The hill presents a startling view of the past and present. At least fifty large tipis, of mainly cream colored canvas, some with brightly painted totem animals or patterns, are surrounded by a tide of more up-to-date camping gear—brightly hued nylon domes from Cabelas, North Face, and REI—and more provisional blue tarp affairs. Five or six pony corrals also dot the camp, some formed from ranch-grade steel gating, others of old school wood slats and fence wire. However penned, the horses are beautiful: dappled, highly spirited, and very well kept. Young riders, some saddled, others bareback, come and go, reminders of finer times on the western plains.
There is, in fact, a distinct atavistic shock involved in stowing your gear in an Army tent and then scanning a large Indian camp from a hilltop with a pair of binoculars. One sees now, as then, a site of constant activity. Sound carries extremely well; voices of people, horses, and dogs, cars and chainsaws, birdcalls and the endless cadence of crickets hiding in the broad-bladed prairie grass. Flags and banners, flying everywhere, snap in the Dakota wind, which can top twenty miles per hour before calling undue attention to itself.
The only light at night comes from campfires and, eventually last week, a half moon, strong enough to interfere with the view of the Milky Way. After dark, songs, cries, and drums from the assembled bands that have arranged themselves in the greater whole call and answer across the field. This can go on quite late.
A deep rest then comes easier than true sleep. You drift off quite without noticing, only to resurface. The boundaries of the daytime self dissolve, replaced by a sense of being part of a greater whole, of every sound and creature around you, human, animal, and wind. Night passes with neither the deep sleep, nor bitter insomnia, usually found in houses.
Everyday something needs doing. A generous array of port-o-sans, donated and maintained by the Standing Rock Reservation casino, seven miles further south, are cleared by septic trucks early each morning. Fires are fed, food prepared, wood chopped, provisions and donations sorted, trash carted off, kids schooled. Last week the Crow nation donated a buffalo that was blessed, killed, then dressed for eating. Pawnee brought several tree-length logs, unknown on the Great Plains, which were chain sawed into short sections to be split into firewood for all.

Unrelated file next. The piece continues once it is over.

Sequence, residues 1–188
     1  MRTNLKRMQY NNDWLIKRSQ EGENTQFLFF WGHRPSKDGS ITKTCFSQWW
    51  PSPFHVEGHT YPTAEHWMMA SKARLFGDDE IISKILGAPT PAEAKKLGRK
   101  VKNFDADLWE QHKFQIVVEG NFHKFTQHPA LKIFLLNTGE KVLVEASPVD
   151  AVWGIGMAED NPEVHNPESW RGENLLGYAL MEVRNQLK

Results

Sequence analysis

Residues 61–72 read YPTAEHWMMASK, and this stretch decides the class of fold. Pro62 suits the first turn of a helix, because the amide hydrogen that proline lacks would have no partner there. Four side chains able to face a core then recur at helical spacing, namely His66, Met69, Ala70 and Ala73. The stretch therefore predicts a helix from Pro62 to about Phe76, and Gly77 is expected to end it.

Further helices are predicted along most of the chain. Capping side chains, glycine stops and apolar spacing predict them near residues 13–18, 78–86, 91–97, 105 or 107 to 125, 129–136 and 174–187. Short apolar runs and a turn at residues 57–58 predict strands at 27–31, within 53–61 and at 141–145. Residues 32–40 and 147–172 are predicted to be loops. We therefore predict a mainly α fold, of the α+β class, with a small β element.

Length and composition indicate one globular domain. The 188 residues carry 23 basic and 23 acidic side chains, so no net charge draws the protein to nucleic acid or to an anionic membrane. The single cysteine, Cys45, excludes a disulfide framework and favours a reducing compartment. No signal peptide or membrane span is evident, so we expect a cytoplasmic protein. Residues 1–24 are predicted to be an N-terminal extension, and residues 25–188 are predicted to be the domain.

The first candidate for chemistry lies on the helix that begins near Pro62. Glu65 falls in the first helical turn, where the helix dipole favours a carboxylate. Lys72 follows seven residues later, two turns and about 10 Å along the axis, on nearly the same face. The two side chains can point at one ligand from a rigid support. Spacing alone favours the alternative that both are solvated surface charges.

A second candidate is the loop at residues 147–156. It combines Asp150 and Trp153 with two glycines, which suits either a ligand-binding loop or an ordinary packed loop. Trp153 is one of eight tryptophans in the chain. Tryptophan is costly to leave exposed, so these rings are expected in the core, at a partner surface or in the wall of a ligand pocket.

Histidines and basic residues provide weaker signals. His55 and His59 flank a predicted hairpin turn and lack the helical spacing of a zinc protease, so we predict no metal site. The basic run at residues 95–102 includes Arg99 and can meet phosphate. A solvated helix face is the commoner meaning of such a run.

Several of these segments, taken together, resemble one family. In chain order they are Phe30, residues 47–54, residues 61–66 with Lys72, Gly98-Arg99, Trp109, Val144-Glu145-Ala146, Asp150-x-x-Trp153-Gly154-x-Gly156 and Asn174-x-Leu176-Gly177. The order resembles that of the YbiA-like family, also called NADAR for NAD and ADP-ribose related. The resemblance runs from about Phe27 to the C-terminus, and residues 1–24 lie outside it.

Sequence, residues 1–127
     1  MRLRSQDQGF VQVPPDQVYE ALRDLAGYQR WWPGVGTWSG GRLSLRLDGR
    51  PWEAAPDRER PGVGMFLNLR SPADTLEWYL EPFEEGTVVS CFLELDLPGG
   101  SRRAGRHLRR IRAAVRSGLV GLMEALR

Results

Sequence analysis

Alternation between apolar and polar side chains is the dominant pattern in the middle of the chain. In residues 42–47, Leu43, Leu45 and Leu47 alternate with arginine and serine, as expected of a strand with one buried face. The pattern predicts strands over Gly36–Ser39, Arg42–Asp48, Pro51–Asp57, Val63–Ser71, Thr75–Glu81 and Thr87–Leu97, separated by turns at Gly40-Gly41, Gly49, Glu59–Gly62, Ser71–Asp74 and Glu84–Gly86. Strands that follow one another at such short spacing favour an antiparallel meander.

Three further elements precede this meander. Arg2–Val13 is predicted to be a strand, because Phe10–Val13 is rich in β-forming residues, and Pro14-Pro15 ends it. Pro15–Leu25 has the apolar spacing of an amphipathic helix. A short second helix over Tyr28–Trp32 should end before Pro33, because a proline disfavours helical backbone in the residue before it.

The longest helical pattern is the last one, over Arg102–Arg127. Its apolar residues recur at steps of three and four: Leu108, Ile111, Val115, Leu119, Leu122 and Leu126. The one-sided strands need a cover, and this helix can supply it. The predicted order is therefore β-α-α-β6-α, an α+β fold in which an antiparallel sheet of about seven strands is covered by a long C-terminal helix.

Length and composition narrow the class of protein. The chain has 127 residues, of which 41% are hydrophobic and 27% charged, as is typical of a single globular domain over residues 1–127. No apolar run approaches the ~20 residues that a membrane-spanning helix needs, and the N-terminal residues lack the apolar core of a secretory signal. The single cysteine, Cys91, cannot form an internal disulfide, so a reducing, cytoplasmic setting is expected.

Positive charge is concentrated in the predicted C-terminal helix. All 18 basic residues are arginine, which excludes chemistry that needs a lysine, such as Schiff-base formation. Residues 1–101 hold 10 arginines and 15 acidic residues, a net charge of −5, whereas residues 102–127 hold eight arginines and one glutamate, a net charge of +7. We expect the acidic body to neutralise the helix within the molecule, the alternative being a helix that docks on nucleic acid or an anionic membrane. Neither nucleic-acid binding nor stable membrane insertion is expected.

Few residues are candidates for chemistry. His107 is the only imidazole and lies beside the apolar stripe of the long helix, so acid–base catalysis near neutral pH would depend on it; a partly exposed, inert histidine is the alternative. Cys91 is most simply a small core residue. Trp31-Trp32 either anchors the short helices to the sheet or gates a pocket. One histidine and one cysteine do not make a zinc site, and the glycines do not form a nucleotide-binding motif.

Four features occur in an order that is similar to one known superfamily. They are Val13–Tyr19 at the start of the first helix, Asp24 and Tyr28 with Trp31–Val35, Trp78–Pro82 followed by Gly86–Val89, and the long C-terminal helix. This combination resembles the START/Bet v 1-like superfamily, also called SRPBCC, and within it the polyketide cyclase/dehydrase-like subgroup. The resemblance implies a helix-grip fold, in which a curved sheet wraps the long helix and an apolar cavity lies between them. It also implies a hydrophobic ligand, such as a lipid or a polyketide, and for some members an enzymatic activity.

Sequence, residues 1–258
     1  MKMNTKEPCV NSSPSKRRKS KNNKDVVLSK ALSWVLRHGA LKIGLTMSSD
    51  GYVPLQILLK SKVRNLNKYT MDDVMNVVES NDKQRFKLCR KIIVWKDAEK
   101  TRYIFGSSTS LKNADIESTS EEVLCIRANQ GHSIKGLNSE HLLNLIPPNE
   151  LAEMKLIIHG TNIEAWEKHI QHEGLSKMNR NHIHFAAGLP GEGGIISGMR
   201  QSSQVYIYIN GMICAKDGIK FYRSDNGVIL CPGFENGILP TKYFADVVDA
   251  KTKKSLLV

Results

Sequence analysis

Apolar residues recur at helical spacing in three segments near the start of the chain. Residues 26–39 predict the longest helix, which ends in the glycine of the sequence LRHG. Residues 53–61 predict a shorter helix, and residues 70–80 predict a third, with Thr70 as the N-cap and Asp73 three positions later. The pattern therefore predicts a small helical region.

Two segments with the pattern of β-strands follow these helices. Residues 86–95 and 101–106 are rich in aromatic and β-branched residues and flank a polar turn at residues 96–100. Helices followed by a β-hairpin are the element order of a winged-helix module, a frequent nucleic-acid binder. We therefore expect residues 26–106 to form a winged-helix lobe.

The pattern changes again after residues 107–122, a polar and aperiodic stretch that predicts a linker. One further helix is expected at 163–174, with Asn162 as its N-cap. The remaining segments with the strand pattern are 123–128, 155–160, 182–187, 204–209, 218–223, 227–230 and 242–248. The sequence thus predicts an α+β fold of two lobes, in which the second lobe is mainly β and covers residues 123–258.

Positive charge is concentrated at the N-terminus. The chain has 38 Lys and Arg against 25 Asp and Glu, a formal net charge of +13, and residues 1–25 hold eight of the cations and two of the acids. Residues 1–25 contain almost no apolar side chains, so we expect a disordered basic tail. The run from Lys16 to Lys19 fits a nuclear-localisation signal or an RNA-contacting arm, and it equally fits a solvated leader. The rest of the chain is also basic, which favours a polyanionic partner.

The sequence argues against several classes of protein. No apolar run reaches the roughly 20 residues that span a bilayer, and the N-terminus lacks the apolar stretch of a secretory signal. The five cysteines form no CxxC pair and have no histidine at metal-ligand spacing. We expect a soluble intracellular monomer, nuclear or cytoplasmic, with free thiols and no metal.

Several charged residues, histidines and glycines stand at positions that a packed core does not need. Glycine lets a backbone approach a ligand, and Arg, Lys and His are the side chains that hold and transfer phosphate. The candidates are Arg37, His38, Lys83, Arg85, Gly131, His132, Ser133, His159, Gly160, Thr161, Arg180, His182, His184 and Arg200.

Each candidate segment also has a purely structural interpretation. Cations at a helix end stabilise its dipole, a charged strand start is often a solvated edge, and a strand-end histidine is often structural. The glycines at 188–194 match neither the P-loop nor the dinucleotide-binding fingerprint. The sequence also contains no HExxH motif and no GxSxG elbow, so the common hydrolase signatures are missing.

Perhaps Standing Rock’s most radical statement is an immense goodwill demonstrated everywhere at all times. Over four days, I didn’t encounter a single instance of anger, aggression or ill will. Neither was there a hint of alcohol or illegal drug use, hard or kind, all strictly forbidden. There are sure to be infractions in a village of 4,000 souls, but tribal security, a very visible presence, quickly deals with any bad actors. Caffeine and nicotine are in abundance, however, and tobacco, loose and in cigarettes, is freely burned for prayer, and widely exchanged as gifts of fellowship and thanks.
Many intend to stay through the winter, and plans are underway to move onto the Rez. Seven Fires Camp is located on so-called treaty land, managed by the Army Corps of Engineers. It is mainly unsheltered from winter wind and sits on a spring flood plain. The greatest problem facing organizers is determining the needs for fall, and the move to winter camp. A general meeting last week defined subjects for smaller group action: health, financial accountability, public relations, security, food prep and distribution. A census is planned.
While Standing Rock tribal Chairman Dave Archambault handles outside affairs, and was in Washington last week, camp decisions are divided among several elders, all of whom spoke at the winter planning meeting. Men and women in their 60s and 70s, they are shown profound respect and no accord can be reached without them.
There is more is going on at Standing Rock besides protecting a river and its sacred sites. Evidence of a great awakening is everywhere under the sky there, of old ways shared and new ones accepted. There are tipis and smart phones, drums and social media, sacred fires and solar panels, ponies and 4x4s. What appears to be a lasting change in the American Indigenous community, for thinking and acting in a good way, has started.